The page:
Crywolf is a Toronto staple for adorable pins, playful iron-on patches, and silkscreened tees.
After six years on Lower Ossington, this local brand now sits in an airy second-floor shop in Koreatown, selling its cutesy stock of decorative knick-knacks and accessories.
Since starting their brand as an online shop back in 2008—pre-Etsy and Squarespace days—co-owners and high school friends Rose Chang and Stephanie Drabik have grown Crywolf from doing silkscreens out of the studios at OCAD to becoming a fixture at events like the One Of A Kind Show.
An expiring lease and big rent increase ended their residency on Ossington in early 2019, meaning a slightly smaller shop in Koreatown. But despite the fact there's no room for a studio here (it's officially moved to Chang's place) I like this store better than the first.
The selection is slightly tighter, limited to best sellers which are a mix of Crywolf products and stuff from other brands. According to Chang, the stock is basically a collection of "random stuff we liked", which conveniently happens to be the kind of stuff a lot of people like.
Crywolf's signature silkscreened t-shirts ($32) are still around, featuring designs in the same vein as their pins and patches (read: animals and clouds) on standard %100 cotton or tri-blend tees.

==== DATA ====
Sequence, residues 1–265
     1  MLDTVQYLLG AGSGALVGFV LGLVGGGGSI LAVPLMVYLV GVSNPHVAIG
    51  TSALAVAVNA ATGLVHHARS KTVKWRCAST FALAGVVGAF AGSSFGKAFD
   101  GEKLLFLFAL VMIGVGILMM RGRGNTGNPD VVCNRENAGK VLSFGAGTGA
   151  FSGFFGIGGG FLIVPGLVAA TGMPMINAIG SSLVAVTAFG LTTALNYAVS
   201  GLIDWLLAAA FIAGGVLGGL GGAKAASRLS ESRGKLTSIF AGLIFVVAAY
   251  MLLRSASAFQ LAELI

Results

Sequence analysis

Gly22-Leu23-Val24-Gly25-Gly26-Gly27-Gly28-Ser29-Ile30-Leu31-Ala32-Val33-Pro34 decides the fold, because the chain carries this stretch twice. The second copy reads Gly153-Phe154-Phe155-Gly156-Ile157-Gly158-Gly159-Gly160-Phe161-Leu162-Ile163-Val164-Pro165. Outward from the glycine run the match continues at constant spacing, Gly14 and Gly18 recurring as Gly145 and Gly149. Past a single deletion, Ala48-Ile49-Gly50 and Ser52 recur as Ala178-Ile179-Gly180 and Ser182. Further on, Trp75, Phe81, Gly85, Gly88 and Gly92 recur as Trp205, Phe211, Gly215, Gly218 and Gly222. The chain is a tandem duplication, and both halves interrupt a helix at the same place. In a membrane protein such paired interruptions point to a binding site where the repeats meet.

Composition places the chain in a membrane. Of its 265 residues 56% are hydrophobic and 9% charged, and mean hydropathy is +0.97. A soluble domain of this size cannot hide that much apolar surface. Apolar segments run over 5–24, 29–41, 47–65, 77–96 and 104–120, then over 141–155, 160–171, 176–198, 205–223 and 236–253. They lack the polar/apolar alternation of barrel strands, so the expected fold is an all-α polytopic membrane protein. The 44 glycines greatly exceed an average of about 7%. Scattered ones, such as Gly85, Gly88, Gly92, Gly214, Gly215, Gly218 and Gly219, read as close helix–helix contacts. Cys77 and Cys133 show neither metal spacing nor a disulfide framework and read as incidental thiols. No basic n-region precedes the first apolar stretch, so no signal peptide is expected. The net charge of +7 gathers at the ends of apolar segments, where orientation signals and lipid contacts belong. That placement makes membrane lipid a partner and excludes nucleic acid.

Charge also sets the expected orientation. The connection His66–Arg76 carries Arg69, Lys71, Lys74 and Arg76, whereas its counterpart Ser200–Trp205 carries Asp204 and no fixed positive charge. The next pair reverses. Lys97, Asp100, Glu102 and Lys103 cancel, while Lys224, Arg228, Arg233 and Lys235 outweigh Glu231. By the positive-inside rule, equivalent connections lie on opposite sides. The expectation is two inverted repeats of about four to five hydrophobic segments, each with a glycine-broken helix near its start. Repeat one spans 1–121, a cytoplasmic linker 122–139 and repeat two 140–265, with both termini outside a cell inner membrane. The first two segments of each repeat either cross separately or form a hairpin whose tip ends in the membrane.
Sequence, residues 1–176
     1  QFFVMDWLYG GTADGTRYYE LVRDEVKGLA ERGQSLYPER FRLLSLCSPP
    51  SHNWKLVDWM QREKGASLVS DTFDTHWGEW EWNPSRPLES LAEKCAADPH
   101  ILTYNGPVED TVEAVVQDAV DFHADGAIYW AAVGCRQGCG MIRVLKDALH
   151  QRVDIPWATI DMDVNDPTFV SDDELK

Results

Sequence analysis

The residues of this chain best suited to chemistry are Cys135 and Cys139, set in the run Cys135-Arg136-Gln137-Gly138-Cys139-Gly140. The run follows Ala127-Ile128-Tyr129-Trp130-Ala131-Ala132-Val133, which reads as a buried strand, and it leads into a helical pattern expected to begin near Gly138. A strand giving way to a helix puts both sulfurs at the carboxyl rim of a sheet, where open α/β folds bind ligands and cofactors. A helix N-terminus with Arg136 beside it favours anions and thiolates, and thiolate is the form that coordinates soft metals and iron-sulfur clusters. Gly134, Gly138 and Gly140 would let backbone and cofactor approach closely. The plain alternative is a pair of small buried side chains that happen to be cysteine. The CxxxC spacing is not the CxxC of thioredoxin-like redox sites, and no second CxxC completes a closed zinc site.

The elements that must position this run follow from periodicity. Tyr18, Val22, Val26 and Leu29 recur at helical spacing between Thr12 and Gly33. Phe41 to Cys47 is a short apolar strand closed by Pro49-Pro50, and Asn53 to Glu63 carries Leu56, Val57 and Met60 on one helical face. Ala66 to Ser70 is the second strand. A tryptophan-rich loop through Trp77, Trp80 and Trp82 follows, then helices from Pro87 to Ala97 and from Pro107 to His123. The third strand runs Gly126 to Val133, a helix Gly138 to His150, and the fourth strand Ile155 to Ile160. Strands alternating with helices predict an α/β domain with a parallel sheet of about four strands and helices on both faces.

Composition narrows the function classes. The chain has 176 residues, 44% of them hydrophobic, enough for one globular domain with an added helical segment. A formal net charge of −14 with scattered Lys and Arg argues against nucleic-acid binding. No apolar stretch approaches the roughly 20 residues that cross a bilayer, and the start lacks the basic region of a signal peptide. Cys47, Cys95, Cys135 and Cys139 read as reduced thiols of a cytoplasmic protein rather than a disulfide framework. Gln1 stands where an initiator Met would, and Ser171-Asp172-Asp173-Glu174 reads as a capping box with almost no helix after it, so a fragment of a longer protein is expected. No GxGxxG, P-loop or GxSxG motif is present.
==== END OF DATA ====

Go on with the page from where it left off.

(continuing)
Their Trash Panda line is easily their biggest hit. Inspired by the #DeadRacoonTO movement that took social media by storm in 2015—coupled with the fact every Torontonian has a raccoon story—you can find hoodies ($65), crew necks ($60) and coach jackets ($60).
It's not a local accessory shop without the retro-style Toronto postcards or TTC-themed greeting cards from The Button Machine with romantic classics "I'm Bathursty for your love".
The wall of Crywolf pins ($10) are to die for, if you love cutesy stuff. You'll probably spend a lot of time gushing over these enamel happy-faced sloths, lucky cats, smiling bubble teas and crying ice cream cones.
There are also pins from Scting ($10-$15) by Stefanie Chow, who actually works in the store.
Iron-on patches are $8, though patches from artist Matt Darling, who specializes in skull-heavy ghost designs, are $25. He also sells prints here.
If I had anywhere between $66 to $132 to blow, I'd probably spend it on some ceramic Brian Giniewski bowls and cups, coated in delicious thick and drippy paint.
The store's stock doesn't stop there: there's soap from Gold Apothecary ($12), reusable bags from Baggu ($14), pencils, hats, cushions, mugs, stickers, keychains, and dog-shaped candles from Taiwan.
Once you start perusing, it's hard to stop: Crywolf is full of impulse items that are dangerously alluring when you have some money to spend and zero self-control.